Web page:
“We need to take this seriously and defend ourselves and the NHS by getting the annual flu jab and the COVID-19 booster when called. Both these viruses are serious: they can both spread easily, cause hospitalisation and be fatal. It is important that people get their vaccines as soon as they can.”
COVID-19 cases may also rise as people mix indoors this winter. Yesterday there were 40,701 new COVID-19 cases reported in the UK – the most for a month – and 122 deaths.
Research by PHE suggests a person infected with flu and COVID-19 at the same time is more than twice as likely to die, compared with someone with COVID-19 only. The flu programme has expanded this year to include all secondary school children up to Year 11 for the first time. More vaccinators than ever will help to dish out the jabs as officials aim for a record uptake.
Last winter, coverage hit the highest levels among school children (62 per cent), healthcare workers (77 per cent), youngsters aged two and three (57 per cent), atrisk people aged six months to 64 years (53 per cent) and over-65s (81 per cent).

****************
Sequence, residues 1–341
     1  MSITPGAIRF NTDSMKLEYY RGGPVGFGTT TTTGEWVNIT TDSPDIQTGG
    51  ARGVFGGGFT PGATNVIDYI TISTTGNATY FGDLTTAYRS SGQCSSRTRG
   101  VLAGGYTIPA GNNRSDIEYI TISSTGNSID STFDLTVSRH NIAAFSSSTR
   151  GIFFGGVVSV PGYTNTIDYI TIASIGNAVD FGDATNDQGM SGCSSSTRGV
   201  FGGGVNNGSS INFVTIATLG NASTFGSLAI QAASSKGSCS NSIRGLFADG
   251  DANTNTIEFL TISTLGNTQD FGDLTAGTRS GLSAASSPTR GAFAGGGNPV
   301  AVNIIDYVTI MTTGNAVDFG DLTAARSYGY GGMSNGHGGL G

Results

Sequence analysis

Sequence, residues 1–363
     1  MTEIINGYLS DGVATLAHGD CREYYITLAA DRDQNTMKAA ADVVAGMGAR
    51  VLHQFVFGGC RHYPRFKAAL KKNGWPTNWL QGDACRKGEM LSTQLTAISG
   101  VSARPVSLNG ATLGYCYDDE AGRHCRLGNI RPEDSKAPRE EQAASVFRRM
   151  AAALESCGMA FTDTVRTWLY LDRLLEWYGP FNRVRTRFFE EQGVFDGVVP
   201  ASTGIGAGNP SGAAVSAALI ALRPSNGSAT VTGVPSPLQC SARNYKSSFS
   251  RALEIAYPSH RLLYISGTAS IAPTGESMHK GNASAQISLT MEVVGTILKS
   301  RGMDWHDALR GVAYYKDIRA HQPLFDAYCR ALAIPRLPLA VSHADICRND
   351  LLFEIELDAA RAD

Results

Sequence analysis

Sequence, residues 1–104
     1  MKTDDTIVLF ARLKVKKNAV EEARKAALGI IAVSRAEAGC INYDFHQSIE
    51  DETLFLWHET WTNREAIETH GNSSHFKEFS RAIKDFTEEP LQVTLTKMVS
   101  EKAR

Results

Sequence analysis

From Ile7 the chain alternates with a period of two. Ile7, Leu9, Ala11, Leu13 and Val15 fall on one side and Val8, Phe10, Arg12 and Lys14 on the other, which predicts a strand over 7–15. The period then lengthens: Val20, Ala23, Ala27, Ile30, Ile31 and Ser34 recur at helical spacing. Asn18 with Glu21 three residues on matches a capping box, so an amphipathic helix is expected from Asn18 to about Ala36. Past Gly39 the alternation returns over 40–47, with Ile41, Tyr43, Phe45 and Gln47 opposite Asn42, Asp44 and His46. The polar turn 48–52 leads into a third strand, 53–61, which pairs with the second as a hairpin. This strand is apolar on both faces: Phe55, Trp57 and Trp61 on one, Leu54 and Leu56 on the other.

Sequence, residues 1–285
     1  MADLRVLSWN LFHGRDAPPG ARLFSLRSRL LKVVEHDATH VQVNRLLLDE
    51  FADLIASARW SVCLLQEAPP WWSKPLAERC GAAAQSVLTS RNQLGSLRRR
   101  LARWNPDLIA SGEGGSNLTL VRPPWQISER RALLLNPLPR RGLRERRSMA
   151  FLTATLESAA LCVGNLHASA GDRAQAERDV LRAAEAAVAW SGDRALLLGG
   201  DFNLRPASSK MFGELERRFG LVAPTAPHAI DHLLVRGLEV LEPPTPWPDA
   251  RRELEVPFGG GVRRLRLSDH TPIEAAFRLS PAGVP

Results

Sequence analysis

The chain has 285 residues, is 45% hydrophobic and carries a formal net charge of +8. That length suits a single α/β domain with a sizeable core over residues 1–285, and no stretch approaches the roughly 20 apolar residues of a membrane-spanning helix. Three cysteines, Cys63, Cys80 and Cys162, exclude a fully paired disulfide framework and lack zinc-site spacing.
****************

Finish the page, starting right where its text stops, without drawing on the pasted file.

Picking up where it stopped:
This year over-65s are being offered a quadrivalent vaccine, which protects against four strains of influenza, instead of the trivalent vaccine used last year. In some areas the jabs may be given in the same appointment, one in each arm.
NHS deputy vaccination programme lead Dr Nikki Kanani said: “Flu and COVID-19 both cost lives and the increased threat from the two deadly viruses this winter makes it even more important for people to continue sticking to good habits like washing their hands regularly. It’s important anyone eligible comes forward for a flu vaccine as soon as possible and books in their booster when they are invited. The vaccines are safe, effective and the best thing you can do to protect yourself and your loved ones this winter.”
Threat on ITV’s This Morning, has starred in a campaign film with other medics to explain why the jabs are more important than ever. He said: “We are well aware of the threat posed by COVID-19 by now but we can’t forget about flu which can also be deadly. Luckily, we know the best form of protection is to get vaccinated against both viruses, and they are free to those eligible.”